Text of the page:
Translucent Concrete and Smart Glass could together offer architects a tool to control daylight in net-zero buildings for improved energy efficiency, sustainability and privacy.
Patented in 2001 by Hungarian architect Áron Losonczi, the undeniably smart material called ‘translucent concrete’ (also called ‘light-transmitting concrete’) is made from the traditional mix of water, sand, gravel and cement, enhanced by plastic or quartz fibres embedded throughout it’s bulk.
The end result is an architectural and design tool which transmits and scatters daylight throughout a building, offering energy efficiency, sustainability and privacy, as well as serving as a structural and insulative element.
Translucent concrete is usually delivered as prefabricated blocks or panels, where each block incorporates thousands of these optical elements, oriented perpendicular to the face of the facade, allowing light to be transmitted from the outside in, and vice versa.
End-products created with translucent concrete include exterior walls, internal partition walls, staircases, decorative tiles and even furniture.
Passive vs Active Smart Materials
There are some similarities between translucent concrete and ‘passive’ smart glass technologies such as thermochromic and photochromic smart glass, in that neither can change their behaviour after manufacture.
Thermochromic smart glass changes its transmittance based on changes in temperature, whereas photochromic smart glass depends on UV and visible light.
All the above can contribute positively to green building credits, since standards such as LEED v4 require a minimum of 300 lux of daylight throughout 50% of the building space.
Using translucent concrete could then allow more daylight to permeate the building envelope, while still reducing heat gain and lowering air conditioning costs in warmer months.
On the other hand, ‘active’ materials such as PDLC, SPD and electrochromic smart glass can change their behaviour in real time because they are driven by an electrical stimulus. They can be controlled for example via sensors or building automation systems.
They can also contribute to LEED v4 credits but require electrical power, which can offset the benefits of reduced artificial lighting.
When it comes to sustainability, translucent concrete allows natural daylight a way to penetrate deep into building interiors that might otherwise lack any light at all.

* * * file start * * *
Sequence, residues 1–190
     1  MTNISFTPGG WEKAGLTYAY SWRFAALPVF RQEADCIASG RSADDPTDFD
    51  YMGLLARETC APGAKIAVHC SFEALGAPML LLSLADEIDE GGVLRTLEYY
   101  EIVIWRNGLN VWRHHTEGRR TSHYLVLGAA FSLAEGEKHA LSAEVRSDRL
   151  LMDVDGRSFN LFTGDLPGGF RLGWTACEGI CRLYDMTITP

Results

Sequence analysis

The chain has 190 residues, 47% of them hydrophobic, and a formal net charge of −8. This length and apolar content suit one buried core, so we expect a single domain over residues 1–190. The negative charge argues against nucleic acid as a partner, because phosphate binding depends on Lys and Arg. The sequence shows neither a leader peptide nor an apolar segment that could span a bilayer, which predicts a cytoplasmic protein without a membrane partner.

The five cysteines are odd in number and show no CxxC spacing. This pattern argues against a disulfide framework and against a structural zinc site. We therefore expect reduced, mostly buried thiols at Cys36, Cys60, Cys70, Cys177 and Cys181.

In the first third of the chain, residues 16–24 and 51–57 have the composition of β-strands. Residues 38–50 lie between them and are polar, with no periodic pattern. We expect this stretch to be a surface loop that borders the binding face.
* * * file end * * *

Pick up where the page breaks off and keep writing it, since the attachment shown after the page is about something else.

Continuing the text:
Additionally, when used with artificial lighting, translucent concrete can facilitate creative designs for retail and residential properties.
The “Energy Performance of Buildings Directive” from the European Union requires all new buildings to be ‘nearly zero-energy’ by the end of 2020, and mandates the use of renewable energy sources.
The aim of this EU Directive is to “promote the improvement of the energy performance of buildings within the EU, taking into account outdoor climatic and local conditions, as well as indoor climate requirements and cost-effectiveness”.
It is clear that translucent concrete would contribute positively towards these goals.
Composition of Translucent Concrete
Typically, the optical fibres inside translucent concrete constitute about 4% of the total mix, thus leaving a product which is lower in weight and yet with a tensile strength of around 70 MPascals (or 10,000 psi).
The materials can be customised by choosing the density and diameter of the optical fibres and this modifies the transmittance (i.e. the amount of light) that the material lets in.
The fibres suffer minimal loss of light within a distance of about 20m.
Manufacturers of Translucent Concrete
In particular, Zospeum’s differentiating factor lies in their insulative core, which gives additional thermal resistance, reducing solar gain and energy costs.
Combining Translucent Concrete and Smart Glass
If you consider combining translucent concrete with smart glass, we open up the possibility of ‘switching off’ the natural light whenever needed.
This could be implemented with a layer of smart glass, affixed on the interior face of the translucent concrete and running at 110Vac, thus allowing light to come in. The power requirements are in the range of 5W per square metre, which is minimal.
Whenever users need to ‘switch off the wall’, they can simply switch off the smart glass, blocking any incoming daylight.
This feature could be useful for corporate offices, retailers, healthcare, and residential constructions which need to control incoming light during the daytime and throughout the year.
The closest idea we can get is by looking at an installation of SPD smart glass by the market leader, Gauzy, who kindly shared the images below with us.
Gauzy SPD smart glass in airport terminal
Image Credits: Gauzy.com